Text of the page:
In the 42nd Psalm, David, the sweet singer of Israel, pens a song of lament. As he writes the Psalm, he is a hunted man, cut off from God’s house, from the ark, and from all the ordinances of God. And as he wanders in forced exile, David recalls, with painful longing, the joyous experience of seeking the living God together with God’s people: the glad throng, the festive procession, the shouting and singing of praise to God as they approached the dwelling place of God’s glory. This encounter with the Divine Majesty is David’s chief good and his greatest joy. He understands that the presence of the Lord, in the company of God’s people, is better than life itself.
In fact, David’s yearning for God is so intense that he likens his soul to a hunted animal, chased by adversaries to the point of personal extremity, to the point where it must be refreshed or faint in defeat: “As a deer pants for flowing streams, so pants my soul for you, O God.”
Have you ever found yourself longing for public worship in this way? For the follower of Christ, in this age of the Gospel, the temple of God is the individual believer: “For God’s temple is holy, and you are that temple.” We cannot be robbed of the Divine Presence. We cannot be thrust away from God. The glory of God dwells permanently in the ark of our hearts through the redemption applied to us in Christ. Even so, this does not make the public assembly of worship obsolete. The Apostle Paul knew that the Head—Jesus Christ—is never known apart from His body; we never worship a bodiless Head. It is in the Church, the gathered assembly of God’s people, that we experience “the more excellent way,” the love of Christ that never fails, the love of God that is better than life itself. It is in the gathered body, with its various parts working together, joined and held together by the bond of the Spirit, that we experience the common good of God’s grace and are built up in love and maturity. It is in the Church that we find our full salvation: and so still, like David, we process together with festive shouts, still we join together in a joyous throng, still we gather, each of us looking towards the glory of Christ in order to render to God, as Matthew Henry puts it, “our endless hallelujahs,” and to drink from the river whose streams make us glad forevermore.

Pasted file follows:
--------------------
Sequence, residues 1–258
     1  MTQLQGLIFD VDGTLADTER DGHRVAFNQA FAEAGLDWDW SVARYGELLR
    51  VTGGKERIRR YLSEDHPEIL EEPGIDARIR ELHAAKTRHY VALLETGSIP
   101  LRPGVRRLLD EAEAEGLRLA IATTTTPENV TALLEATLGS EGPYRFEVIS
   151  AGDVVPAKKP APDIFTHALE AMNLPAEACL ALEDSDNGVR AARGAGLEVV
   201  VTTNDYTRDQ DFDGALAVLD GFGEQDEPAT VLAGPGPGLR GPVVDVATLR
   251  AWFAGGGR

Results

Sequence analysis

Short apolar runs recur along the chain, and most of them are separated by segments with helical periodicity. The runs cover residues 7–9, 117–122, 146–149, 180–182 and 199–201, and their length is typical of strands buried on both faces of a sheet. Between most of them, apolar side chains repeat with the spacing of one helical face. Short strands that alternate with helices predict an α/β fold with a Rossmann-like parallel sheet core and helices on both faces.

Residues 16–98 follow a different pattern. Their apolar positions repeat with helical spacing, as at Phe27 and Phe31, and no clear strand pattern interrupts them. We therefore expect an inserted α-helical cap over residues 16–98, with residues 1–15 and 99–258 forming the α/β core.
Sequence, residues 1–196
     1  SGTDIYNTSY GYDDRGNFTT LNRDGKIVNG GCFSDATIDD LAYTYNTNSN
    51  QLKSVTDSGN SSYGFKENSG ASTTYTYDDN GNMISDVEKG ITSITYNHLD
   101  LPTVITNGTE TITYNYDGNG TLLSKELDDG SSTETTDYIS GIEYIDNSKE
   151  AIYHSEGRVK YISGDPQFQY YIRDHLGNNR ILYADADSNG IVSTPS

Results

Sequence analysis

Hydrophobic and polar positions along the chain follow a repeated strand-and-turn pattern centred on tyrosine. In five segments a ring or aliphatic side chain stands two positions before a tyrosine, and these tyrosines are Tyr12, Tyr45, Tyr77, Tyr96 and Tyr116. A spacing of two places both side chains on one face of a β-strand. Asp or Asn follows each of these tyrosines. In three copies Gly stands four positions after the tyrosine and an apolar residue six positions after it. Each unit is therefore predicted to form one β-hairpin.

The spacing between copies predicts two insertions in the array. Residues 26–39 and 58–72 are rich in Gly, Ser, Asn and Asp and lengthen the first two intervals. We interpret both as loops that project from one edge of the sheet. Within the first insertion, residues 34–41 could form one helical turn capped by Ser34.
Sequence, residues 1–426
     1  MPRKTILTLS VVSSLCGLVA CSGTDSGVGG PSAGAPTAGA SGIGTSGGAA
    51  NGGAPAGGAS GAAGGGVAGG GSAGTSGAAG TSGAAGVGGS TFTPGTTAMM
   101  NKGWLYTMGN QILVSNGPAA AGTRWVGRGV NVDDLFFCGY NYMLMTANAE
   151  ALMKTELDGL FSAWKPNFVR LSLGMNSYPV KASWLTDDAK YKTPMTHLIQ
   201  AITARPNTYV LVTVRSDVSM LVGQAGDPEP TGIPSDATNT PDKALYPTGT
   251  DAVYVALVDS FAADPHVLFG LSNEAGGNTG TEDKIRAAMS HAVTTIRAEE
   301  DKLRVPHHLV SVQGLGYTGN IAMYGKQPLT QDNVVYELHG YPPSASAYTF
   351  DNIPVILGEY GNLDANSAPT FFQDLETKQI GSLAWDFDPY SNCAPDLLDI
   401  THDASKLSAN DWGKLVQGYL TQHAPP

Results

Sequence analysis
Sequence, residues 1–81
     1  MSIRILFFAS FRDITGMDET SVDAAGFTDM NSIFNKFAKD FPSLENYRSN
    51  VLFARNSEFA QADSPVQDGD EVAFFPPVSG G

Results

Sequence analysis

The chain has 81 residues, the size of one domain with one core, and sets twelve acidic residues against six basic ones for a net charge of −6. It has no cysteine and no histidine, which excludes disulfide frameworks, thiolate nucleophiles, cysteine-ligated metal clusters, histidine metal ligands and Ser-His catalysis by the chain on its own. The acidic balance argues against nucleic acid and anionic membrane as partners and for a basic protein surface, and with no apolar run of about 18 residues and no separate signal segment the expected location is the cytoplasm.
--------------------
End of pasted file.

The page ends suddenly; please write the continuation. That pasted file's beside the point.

“My soul thirsts for God, for the living God. When shall I come and appear before God,” writes the Psalmist. God grant to each of us great grace to view the Church like this. God so move in our souls, so stir our hearts with the wind of His Spirit, that we may sense an urgent and desperate longing for God, a pining to be together with God’s people, so that we may truly say, “I was glad when they said to me, let us go to the House of the Lord.”
In the name of the Father, Son, and Holy Spirit, Amen.